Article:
Sources said the coaches called Wilson out at a team meeting on Monday, leading some to believe his ouster was inevitable. Saleh claimed that Wilson’s post-match comments were not a factor in his decision. Wilson said he had no idea he was causing a stir until his father reached out on the phone and asked, “Brother, what are you doing?”
“It deserves,” Wilson said of the national criticism. “The way I handled the situation wasn’t right. I have to be a better footballer and then I have to be a better leader for these guys. I have a chance to turn the page here as a player and a leader.”
Cornerback DJ Reed appreciated Wilson’s apology.
He said, “Everything he said came from the heart.” “He was very genuine and everyone respected him.”
“The way I handled the situation wasn’t right. I have to be a better footballer and then I have to be a better leader for these guys. I have a chance to turn the page here as a player and a leader.”
Just three weeks earlier, Wilson received a strong vote of confidence from Saleh, who said Wilson would start the remainder of the season, barring injury. What has changed?
“There are some basic, basic things that are out of control for him,” Saleh said. “This is just an opportunity for him to sit down and focus on those things and find a way to reconnect with all the different things that we loved during the draft process. It’s something I feel he’ll be able to do.”
Saleh said there were “a few things in his game right now…that will continue to deteriorate if we keep kicking him out there”. They created a training plan that allows him to focus on those essentials. Saleh said the issues are “solvable”.
Statistically, Wilson is historically bad when under pressure. He has a tendency to look at the pass rush rather than down the field, often resulting in throws off his back foot. Offensive coordinator Mike LaFleur admitted that footwork was an issue.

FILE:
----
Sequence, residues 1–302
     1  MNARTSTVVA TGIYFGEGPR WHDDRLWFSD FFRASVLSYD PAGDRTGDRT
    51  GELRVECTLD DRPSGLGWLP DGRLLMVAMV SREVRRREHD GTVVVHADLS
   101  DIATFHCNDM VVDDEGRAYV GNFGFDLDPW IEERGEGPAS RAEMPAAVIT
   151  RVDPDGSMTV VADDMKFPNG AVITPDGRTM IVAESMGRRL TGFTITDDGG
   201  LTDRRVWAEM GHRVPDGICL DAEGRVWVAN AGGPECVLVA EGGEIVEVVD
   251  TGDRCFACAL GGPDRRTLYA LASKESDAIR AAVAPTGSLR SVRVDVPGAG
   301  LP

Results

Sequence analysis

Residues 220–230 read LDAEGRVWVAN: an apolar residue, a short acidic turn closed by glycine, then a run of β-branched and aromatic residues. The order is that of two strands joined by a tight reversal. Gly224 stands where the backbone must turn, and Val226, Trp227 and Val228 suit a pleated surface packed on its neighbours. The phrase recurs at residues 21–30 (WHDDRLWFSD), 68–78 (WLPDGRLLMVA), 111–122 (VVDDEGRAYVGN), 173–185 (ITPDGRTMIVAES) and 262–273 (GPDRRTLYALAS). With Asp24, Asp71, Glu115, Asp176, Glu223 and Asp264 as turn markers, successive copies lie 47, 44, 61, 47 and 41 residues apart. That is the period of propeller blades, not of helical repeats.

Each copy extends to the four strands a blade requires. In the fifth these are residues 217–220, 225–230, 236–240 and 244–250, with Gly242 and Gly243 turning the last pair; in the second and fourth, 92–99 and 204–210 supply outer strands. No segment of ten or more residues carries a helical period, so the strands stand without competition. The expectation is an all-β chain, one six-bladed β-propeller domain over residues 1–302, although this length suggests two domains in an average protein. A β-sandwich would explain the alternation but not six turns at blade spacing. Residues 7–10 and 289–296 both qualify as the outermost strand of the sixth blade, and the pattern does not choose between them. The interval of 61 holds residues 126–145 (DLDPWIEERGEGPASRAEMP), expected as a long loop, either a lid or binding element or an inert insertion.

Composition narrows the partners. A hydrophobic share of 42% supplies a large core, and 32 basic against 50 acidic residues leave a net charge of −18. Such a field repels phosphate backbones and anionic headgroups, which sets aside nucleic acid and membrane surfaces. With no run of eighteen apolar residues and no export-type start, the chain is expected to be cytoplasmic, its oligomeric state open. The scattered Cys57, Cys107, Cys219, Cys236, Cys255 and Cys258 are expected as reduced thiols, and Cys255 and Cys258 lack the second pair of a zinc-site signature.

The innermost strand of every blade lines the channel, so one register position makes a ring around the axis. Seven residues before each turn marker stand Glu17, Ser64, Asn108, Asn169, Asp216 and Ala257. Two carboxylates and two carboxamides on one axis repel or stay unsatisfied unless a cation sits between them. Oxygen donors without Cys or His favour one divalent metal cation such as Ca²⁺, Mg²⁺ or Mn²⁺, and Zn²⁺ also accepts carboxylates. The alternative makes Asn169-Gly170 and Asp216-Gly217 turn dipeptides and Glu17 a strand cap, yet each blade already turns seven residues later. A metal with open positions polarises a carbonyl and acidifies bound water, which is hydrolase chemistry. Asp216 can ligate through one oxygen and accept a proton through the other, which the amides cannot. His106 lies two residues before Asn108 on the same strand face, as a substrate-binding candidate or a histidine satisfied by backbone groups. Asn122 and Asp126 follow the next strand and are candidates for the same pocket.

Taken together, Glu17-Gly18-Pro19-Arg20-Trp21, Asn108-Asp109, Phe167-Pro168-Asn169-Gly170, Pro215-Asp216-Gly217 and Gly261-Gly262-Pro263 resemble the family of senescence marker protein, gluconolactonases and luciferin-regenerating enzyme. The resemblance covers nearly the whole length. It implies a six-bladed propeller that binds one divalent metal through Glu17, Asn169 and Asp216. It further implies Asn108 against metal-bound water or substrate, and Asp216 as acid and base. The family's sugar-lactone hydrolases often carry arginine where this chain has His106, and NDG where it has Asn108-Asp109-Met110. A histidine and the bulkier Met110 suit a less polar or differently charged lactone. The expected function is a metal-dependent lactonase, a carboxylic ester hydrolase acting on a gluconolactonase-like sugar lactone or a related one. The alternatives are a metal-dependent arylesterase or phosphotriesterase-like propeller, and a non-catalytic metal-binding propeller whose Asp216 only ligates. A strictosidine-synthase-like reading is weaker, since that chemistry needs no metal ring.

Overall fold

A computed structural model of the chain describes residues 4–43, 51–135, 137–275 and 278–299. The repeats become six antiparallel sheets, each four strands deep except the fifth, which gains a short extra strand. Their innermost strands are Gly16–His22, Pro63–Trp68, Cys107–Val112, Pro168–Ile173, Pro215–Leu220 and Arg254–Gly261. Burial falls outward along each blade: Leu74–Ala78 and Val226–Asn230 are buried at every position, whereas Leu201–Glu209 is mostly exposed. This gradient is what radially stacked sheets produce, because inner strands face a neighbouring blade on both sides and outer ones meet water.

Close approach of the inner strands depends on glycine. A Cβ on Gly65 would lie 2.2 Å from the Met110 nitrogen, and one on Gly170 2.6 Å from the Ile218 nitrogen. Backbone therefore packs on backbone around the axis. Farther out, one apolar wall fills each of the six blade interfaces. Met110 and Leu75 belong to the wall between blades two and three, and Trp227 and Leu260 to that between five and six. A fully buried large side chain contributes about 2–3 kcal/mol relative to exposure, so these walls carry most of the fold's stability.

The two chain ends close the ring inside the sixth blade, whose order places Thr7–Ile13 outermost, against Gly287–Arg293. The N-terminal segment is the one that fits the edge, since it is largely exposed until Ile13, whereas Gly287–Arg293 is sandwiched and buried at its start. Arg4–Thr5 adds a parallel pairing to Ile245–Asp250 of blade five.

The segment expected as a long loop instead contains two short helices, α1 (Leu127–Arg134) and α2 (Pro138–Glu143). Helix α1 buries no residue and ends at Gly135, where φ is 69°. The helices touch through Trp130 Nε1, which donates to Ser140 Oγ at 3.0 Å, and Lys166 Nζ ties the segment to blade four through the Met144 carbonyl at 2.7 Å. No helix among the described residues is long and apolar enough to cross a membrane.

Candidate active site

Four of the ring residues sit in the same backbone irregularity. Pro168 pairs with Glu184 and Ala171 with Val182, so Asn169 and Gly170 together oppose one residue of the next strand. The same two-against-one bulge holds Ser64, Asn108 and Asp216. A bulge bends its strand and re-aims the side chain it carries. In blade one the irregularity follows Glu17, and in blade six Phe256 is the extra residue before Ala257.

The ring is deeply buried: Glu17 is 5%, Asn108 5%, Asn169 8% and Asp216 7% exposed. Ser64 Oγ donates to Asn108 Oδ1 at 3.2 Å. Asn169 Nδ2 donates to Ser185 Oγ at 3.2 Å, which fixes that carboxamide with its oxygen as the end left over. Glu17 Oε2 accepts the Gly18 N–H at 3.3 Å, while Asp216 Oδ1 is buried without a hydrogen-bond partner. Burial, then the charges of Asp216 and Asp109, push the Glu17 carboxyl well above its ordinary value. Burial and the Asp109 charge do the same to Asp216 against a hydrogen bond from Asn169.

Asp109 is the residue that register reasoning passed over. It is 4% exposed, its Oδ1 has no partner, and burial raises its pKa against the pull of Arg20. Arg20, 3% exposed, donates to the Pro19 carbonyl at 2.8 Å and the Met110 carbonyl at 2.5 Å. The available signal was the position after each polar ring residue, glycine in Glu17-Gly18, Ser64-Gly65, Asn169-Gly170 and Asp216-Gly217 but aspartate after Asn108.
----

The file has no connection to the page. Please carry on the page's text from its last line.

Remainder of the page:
“I have to find a way to get him to play mainly in the bottom half,” said Lafleur.
white is not certain; He only has three career starts.
With Wilson out with a knee injury last season, White achieved near-cult hero status in his first career start, throwing for 405 yards and three touchdowns at the Cincinnati Bengals. The former Dallas Cowboys draft pick got two more starts – an incomplete game against the Indianapolis Colts (he left with an injury) and a four-interception clunker against the Buffalo Bills.
White actually started the season as the No. 3 quarterback behind Wilson and Flacco. They changed the depth chart in Week 8, promoting White to QB2—a switch that left some around the team scratching their heads. The goal, Saleh said, was to “allow him to prepare like he’s the next guy.”
And now it is.
“In the beginning, he was just excited,” White said of his reaction to the promotion. “It’s exactly what every player in that dressing room wants, a chance to compete and prove themselves. But more importantly, it’s just a chance to be a good teammate, help the team and worry about the team first.”